Leigh Harris-Avril holds up an example of the plastic gallon she has been using to collect rainwater for the past five months during a news conference at the state Capitol in Phoenix on June 19, 2023. Harris-Avril lives in the Rio Verde Foothills community, which had its water cut off by Scottsdale at the start of the year. Photo by Gloria Rebecca Gomez | Arizona Mirror
Residents of Rio Verde Foothills who have been cut off from water for months have been granted a legislative reprieve, after Gov. Katie Hobbs on Monday signed a bill that will restore their access.
Senate Bill 1432 requires the city of Scottsdale, which lies less than an hour away from the North Phoenix suburb, to provide water for three years through a newly created standpipe district. The district is set to facilitate the transportation of water to a maximum of 750 households. Scottsdale previously supplied water through a standpipe for more than a decade, allowing private haulers and residents to fill up despite not being legally responsible for the suburb’s water service. But in January, ahead of cuts to the state’s Colorado River water consumption that city officials expected would impact the water supply for its own residents, Scottsdale shut down access for Rio Verde Foothills.
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As many as 500 homes — about 1,000 residents — in the small suburb depend on water transported from the Scottsdale operated standpipe, and with unreliable local wells and long drives to other standpipes, they faced a bleak future. Leigh Harris-Avril and her husband resorted to harvesting rainwater and filling up Gatorade bottles at friend’s houses. But at a Monday morning news conference calling on Hobbs to sign SB1432, the couple warned that they have less than three months of water left.
Amanda Monize shares a well with four of her neighbors, but the water it produces is just under the legal limit of acceptable arsenic levels and with wells across the community drying up, she worries about her long-term outlook.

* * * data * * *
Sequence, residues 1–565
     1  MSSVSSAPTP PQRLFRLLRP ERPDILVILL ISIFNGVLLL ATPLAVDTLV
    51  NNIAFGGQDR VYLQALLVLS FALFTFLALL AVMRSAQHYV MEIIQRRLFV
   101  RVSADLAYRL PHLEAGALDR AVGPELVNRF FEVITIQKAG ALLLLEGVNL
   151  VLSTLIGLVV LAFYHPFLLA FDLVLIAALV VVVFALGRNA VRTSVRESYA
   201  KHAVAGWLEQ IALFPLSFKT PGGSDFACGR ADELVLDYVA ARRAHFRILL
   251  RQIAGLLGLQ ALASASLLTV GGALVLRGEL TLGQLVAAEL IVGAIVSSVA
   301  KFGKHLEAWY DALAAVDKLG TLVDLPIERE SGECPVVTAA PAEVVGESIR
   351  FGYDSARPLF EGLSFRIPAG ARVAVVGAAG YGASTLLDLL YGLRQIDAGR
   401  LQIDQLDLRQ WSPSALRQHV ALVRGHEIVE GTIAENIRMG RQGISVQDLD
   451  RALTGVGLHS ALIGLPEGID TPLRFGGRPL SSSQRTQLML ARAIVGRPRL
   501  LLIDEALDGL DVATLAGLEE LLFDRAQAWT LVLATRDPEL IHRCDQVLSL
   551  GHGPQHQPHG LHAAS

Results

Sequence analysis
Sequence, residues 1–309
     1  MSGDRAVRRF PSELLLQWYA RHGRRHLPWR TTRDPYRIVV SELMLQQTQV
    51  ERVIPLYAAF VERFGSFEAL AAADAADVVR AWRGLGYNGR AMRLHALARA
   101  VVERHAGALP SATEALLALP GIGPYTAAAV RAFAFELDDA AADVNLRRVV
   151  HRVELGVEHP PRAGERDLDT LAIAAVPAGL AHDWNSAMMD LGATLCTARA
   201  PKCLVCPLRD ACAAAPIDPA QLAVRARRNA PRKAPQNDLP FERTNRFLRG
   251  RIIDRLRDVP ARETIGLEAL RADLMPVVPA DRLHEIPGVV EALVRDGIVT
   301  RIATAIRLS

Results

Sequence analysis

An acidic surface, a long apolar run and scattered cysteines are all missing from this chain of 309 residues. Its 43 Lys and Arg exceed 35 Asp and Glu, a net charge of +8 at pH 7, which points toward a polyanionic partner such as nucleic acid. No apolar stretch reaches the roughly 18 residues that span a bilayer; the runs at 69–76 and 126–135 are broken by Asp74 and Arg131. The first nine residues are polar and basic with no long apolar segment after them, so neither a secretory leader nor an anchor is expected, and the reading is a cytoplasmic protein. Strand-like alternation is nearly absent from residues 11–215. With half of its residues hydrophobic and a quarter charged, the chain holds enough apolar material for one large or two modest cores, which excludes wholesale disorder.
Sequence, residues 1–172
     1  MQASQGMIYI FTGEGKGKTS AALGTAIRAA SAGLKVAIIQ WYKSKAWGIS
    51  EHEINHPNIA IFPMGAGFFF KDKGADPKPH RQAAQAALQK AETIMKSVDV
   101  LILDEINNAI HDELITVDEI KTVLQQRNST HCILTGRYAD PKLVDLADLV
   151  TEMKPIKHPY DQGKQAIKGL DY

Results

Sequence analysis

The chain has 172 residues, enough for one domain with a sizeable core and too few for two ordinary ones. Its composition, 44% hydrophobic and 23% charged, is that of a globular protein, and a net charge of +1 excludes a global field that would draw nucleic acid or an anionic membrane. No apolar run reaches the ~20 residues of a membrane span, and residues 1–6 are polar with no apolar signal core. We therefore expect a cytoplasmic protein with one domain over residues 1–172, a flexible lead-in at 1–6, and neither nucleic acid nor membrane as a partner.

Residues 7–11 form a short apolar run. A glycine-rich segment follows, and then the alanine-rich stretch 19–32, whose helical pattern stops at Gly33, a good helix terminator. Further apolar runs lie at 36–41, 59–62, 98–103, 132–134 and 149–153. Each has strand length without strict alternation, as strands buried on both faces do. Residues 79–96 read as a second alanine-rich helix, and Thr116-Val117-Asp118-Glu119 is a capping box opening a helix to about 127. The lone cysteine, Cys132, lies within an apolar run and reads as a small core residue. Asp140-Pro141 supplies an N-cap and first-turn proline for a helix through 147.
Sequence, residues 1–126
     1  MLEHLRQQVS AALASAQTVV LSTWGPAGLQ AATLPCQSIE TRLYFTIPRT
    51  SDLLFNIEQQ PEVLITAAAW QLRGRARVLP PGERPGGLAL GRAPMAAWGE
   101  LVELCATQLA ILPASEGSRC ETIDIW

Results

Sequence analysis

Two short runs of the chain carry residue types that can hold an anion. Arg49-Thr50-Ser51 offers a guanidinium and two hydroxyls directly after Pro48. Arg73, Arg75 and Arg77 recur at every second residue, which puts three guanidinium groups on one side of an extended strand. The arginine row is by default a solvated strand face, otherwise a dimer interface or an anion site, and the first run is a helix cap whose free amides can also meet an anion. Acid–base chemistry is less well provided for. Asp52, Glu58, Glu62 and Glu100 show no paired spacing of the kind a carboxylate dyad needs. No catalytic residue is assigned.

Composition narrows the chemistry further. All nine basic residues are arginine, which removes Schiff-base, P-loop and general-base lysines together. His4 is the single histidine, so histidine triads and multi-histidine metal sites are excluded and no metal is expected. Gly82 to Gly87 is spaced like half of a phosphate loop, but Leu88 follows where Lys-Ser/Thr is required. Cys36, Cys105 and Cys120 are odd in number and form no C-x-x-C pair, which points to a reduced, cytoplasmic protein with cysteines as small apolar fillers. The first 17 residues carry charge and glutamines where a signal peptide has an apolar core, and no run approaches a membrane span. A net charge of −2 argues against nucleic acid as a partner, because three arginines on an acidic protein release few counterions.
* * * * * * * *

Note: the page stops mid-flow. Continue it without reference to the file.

“Some people say, ‘Just sell your home,’ but nobody’s going to buy my house if there’s no water,” she told the Mirror.
Rio Verde Foothills is an unincorporated community, also known as a wildcat subdivision, created via a legal loophole that allows developers to sell homes without ensuring residents have a guaranteed water future. The suburb lies outside city limits, far beyond the reach of municipal water pipes and responsibilities, and while Maricopa County oversees the area, it isn’t legally allowed to act as a water provider.
Attempts to close that loophole were defeated by skeptical Republicans. The final version does, however, direct the Arizona Department of Water Resources to submit a report on how developers of wildcat subdivisions can ensure long-term water supply. While lawmakers on Monday conceded that SB1432 isn’t a perfect solution, they vowed to continue working to address wildcat subdivisions and long-term water accessibility in the Grand Canyon state.
“We’re all going to be coming back next year in the hopes of getting meaningful reform passed,” said Sen. John Kavanagh, R-Fountain Hills.
“We cannot continue to kick the can down the road forever,” added Rep. Alexander Kolodin, R-Scottsdale, who authored the amendment that makes up the solution for Rio Verde Foothills. “The status quo of water policy in this state is untenable. And if allowed to continue it will cut off our growth and fundamentally diminish our way of life.”
The bill, which was passed out of the legislature with an emergency clause and supermajority support, is expected to go into effect in one to two months, after the standpipe district has been fully set up. The district will be made up of a five-person board with the speaker of the state House of Representatives, the Senate president, the governor, the commissioner of the Arizona Real Estate Department and the director of the state’s water resource department all appointing one member apiece.
Carmela Lizzo, who’s lived in Rio Verde Foothills for the past 30 years, joined the news conference on Monday alongside fellow residents to call for a solution, holding a handmade sign urging Hobbs to sign the bill. She acknowledged that Scottsdale Mayor David Ortega is responsible for safeguarding the future of his constituents, but hoped hers and that of her neighbors might be protected by the state.
“My heart goes out to those who are struggling and using rainwater to flush their toilets,” she said. “Nobody bargains for that when they buy a house.”
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